• Request or Offer is Accepted/Performed
  • Examples of when a Unilateral Contracts becomes a Bilateral Contract:
  1. Acceptance of Offer to Purchase
  2. Performance of Open Listing agreement by a Licensee
  3. Option Contracts when the Tenant elects to move forward in the Purchase


Executory vs. Executed

Legal verbiage can be confusing, especially when the same word can mean different things depending on the context in which it is used.  For example, the term “Principle” is interchangeably used within our industry and can refer to a Principle Broker, the Principle to a transaction who has conferred authority, which could be either the Broker or Client, or the Principle as it refers to a mortgage balance.  Adding to terminology confusion is when real estate professionals use terms incorrectly, and that happens most frequently with the word “Executed”.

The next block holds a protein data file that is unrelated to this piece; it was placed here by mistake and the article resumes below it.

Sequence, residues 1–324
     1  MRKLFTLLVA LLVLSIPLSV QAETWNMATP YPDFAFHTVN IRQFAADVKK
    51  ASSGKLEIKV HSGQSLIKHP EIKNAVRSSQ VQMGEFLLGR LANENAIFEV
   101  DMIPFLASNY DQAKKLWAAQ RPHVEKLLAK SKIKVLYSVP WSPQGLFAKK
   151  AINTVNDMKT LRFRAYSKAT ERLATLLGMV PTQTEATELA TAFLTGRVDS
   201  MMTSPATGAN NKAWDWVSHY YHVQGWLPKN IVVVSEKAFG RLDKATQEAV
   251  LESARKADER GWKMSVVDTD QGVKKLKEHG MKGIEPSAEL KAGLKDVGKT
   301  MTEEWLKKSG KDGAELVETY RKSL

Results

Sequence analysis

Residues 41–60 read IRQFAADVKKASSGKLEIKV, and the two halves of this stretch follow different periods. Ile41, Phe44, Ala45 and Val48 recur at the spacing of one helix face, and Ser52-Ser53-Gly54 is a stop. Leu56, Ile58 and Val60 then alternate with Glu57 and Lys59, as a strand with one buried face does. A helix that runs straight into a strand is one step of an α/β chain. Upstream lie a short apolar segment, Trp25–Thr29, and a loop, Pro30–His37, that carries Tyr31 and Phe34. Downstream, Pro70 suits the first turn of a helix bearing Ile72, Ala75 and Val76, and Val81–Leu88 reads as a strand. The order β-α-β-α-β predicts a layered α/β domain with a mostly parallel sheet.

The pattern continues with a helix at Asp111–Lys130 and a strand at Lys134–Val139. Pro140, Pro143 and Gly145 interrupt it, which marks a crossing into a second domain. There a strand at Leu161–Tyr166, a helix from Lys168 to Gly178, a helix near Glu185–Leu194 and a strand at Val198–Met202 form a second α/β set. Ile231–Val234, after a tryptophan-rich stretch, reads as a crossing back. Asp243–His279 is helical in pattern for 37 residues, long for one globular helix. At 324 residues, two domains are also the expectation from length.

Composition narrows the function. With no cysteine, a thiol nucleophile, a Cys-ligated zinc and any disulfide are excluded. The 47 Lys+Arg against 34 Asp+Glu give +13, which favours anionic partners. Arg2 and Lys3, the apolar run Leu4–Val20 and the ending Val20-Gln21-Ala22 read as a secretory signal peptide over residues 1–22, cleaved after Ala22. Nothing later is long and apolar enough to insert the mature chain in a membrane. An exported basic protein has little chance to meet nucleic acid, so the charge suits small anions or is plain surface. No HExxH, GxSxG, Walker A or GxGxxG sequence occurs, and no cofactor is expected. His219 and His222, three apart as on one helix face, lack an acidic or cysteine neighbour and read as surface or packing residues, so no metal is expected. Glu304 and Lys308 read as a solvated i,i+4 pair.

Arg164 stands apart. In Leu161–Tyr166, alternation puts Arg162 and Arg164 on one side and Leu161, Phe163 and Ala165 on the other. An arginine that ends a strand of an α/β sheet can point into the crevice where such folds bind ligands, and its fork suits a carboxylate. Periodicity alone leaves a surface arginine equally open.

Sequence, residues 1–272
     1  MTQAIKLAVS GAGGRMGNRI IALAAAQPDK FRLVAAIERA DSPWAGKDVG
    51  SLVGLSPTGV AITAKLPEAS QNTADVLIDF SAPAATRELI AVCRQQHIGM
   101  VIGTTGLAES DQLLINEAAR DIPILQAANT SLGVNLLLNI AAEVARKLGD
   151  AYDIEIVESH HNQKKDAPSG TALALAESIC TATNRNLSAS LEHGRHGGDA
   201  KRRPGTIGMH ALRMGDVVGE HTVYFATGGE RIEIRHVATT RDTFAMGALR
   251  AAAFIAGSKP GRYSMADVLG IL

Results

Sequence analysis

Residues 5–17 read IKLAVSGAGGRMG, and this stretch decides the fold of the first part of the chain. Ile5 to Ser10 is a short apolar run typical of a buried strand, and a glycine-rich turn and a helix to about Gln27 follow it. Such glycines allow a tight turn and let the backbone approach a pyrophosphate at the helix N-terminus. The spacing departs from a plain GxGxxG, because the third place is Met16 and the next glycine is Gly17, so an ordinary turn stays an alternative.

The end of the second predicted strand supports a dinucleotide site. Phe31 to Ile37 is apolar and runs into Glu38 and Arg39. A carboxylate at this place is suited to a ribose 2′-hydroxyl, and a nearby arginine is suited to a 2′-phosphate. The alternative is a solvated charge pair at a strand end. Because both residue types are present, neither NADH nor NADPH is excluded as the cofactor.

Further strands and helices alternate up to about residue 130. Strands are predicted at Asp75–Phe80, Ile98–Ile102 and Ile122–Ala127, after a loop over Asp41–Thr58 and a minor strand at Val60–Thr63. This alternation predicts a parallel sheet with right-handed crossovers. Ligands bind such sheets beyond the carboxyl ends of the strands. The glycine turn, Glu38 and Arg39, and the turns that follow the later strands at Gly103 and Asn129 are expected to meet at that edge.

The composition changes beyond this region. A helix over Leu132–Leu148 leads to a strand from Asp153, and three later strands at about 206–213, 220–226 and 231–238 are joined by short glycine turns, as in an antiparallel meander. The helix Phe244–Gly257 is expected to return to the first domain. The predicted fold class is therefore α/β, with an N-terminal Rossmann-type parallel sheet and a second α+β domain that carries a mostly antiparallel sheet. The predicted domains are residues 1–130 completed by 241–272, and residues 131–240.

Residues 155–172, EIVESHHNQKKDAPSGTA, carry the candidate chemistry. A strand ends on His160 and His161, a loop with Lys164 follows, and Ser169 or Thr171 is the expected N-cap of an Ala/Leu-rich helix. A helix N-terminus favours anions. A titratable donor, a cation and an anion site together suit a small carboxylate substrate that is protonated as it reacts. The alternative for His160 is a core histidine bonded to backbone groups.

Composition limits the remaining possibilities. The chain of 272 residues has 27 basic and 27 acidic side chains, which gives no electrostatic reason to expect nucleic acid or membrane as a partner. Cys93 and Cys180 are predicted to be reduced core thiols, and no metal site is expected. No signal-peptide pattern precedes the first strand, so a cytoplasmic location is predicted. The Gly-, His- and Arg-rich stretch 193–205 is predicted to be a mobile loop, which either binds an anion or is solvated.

So let’s take a minute to refresh our knowledge regarding the difference between Executory and Executed.  A contract is “Executory” when one or both parties have agreed to the contract terms, but have not yet performed.  For example, a seller has promised to sell, and a buyer promised to buy, both agreeing to certain contract contingencies and have signed, but parties have not yet fully performed as required to proceed to close.  Whereas, a contract is “executed” when both have fully performed as agreed and there is nothing left to do by either party.  Therefore, merely having a signed contract by both parties does not constitute an Executed contract.

Quick memory reference:

Executory Executed
Prisoner waiting on death row Prison execution completed.


Author: Lee Gosselin, Associate Broker & Owner